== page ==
by Joel Kotkin
Around the globe, most new urban development has adhered to similar tenets: tall structures, small units, and high density. The Human City questions these nearly ubiquitous practices, suggesting that they do not consider the needs and desires of the vast majority of people. In fact, exclusively dense urban development, the book suggests, might be doing more harm to future generations than good.
In this book, Joel Kotkin argues that in order to be truly sustainable, built environments must reflect the preferences of most people—and families in particular—even if that means encouraging an urbanist’s worst nightmare: lower-density, suburban development. This approach also could include residential neighborhoods within big cities as well as smaller towns.
Kotkin begins by pondering the purpose of the city and investigating the factors that drive most urban development today. Armed with his own astute research, a deep-seated knowledge of urban history, and sound grasp of economic, political, and social trends, Kotkin pokes holes in what he calls the “retro-urbanist” ideology and offers a refreshing case for dispersion centered on human values. The Human City calls for diverse options to meet the changing needs of people in the different stages of their lives.
To make his argument, Kotkin examines the good, the bad, and the ugly of high-density environments, including the megacities of the developing world and the “glamour zones” of global metropolises. The book itself has its origins in research conducted by the author in Singapore, arguably the best run of all dense cities. He also explores the thriving small cities, revitalized neighborhoods, and vibrant suburban developments that are already providing lower-density alternatives to centralized, “pack-and-stack” living. Direct, accessible, and thoroughly researched, The Human City reminds us that we are not just the products of demographic and economic forces, but that we can also shape the future we wish to inhabit.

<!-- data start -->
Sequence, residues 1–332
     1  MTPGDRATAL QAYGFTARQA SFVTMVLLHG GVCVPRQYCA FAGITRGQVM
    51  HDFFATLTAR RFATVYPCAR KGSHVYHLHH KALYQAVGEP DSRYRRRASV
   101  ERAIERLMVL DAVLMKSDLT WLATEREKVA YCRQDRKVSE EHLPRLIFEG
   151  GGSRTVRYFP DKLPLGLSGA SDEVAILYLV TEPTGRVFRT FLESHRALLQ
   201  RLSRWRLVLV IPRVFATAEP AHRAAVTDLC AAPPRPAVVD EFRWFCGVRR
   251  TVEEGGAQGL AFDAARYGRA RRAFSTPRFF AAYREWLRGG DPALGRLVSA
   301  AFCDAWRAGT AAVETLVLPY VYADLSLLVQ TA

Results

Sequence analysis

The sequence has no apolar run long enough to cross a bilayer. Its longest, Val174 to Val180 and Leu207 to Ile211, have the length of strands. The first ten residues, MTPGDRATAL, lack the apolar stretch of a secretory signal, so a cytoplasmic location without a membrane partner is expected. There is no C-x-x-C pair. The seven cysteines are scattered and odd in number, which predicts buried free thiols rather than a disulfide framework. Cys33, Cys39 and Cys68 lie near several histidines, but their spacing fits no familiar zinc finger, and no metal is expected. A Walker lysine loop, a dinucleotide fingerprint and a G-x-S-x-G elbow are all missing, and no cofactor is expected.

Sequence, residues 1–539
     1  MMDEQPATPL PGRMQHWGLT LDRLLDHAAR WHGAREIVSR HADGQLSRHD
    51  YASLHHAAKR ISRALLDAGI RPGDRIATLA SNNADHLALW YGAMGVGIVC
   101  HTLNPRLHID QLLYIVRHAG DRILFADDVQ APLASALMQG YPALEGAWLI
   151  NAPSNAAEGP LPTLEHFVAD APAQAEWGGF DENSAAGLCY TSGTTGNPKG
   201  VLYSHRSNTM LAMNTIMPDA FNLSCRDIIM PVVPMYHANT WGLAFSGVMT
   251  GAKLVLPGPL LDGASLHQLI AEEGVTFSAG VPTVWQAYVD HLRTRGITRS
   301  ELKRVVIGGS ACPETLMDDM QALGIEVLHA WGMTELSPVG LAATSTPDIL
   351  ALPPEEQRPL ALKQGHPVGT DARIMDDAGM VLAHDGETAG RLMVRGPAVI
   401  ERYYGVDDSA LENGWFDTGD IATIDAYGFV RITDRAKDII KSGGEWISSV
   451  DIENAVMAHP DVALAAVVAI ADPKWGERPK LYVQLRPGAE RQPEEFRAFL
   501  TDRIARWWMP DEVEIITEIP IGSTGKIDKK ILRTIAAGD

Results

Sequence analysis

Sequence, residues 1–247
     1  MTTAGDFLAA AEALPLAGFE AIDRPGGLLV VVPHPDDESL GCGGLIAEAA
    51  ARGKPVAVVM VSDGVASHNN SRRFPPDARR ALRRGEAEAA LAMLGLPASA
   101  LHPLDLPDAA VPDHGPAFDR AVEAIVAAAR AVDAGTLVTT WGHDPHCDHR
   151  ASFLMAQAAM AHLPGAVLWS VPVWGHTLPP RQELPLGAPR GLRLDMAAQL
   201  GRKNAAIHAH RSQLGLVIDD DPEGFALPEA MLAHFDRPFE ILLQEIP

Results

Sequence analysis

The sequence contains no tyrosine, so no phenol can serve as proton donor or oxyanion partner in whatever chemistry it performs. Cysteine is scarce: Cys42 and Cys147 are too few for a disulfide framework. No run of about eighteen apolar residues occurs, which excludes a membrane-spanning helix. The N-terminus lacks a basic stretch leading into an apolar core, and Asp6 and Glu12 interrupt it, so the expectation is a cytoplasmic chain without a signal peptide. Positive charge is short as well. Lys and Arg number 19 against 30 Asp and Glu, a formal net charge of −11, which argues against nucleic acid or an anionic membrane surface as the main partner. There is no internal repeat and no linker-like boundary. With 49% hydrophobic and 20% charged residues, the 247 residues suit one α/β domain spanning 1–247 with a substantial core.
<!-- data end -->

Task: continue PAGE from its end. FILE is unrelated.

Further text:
Between 1840 and 1910, the population of Manhattan grew sevenfold, reaching a peak of 2.3 million in 1910. The average population density of its built-up areas tripled during this period. The New York Times in 1898 spoke of “densely crowded quarters” and “inmates . . . huddled together in their cramped hutches like rabbits.” How cramped? There were 620 people per acre, on average, in the walk-up tenements of the Lower East Side and 540 people per acre, on average, in the East Village. Jacob Riis, the author of “How the Other Half Lives,” placed the blame for overcrowding on the shortage of “decent” residential buildings in Manhattan: “We have a tremendous, ever swelling crowd of wage-earners which it is our business to house decently; . . . it is not housed decently; . . . it must be so housed here for the present, and for a long time to come, all schemes of suburban relief being as yet utopian, impracticable.”
Nearly a century ago, in 1920, the Census Bureau caused a ruckus when it announced that for the first time a majority of Americans lived in cities — even though its definition of a city included every hamlet with a population of 2,500 and above.
Today a majority of Americans live in what are by any reasonable definition very large cities, metropolitan areas with populations above 1 million. But the urban planning profession remains fixated on just one small portion of these metropolises, the central city downtowns, though none outside New York contains more than 10 percent of metropolitan area jobs.
That’s one of the lessons of Joel Kotkin’s new book The Human City, which takes a wider and longer view. Kotkin shows how cities developed as religious, imperial, commercial and industrial centers.
[The] kinds of places that are getting it right . . . we might call Joel Kotkin cities, after the writer who champions them. These are opportunity cities . . . [that] are less regulated, so it’s easier to start a business. They are sprawling with easy, hodgepodge housing construction, so the cost of living is low. . . . We should be having a debate between the Kotkin model and the [Richard] Florida model, between two successful ways to create posterity.
Whether you’re a downtown dweller or suburbanite, renter or owner, there is plenty of urban food for thought in The Human City.
Joel Kotkin makes the argument that we need densification downtown and dispersion on our suburban edges if we want continued economic growth.
Kotkin’s unlikely to be invited to talk to a banquet hall full of Hamilton urbanists. Yet he makes a convincing case for why doubling down on densification while restricting dispersion in suburbia is a bad idea.
“No field of study — technical or in the humanities — thrives when only one side or perspective is allowed free reign (sic) and granted a dispensation from criticism. The question of the future of cities is too important to be hemmed in by dogma and should instead invite vigorous debate and discussion.
The most eloquent expression of urbanism since Jane Jacobs’s The Death and Life of Great American Cities. Kotkin writes with a strong sense of place; he recognizes that the geography and traditions of a city create the contours of its urbanity.
[Kotkin] believes it’s time to start rethinking what suburbia can be and to become more strategic about how it evolves.
Kotkin is one of the clearest urban writers and thinkers of our time. His first-hand experiences and insights on a broad array of issues such as inequity, infertility, lifestyle, and urban design shake the reader like a jolt of urban caffeine.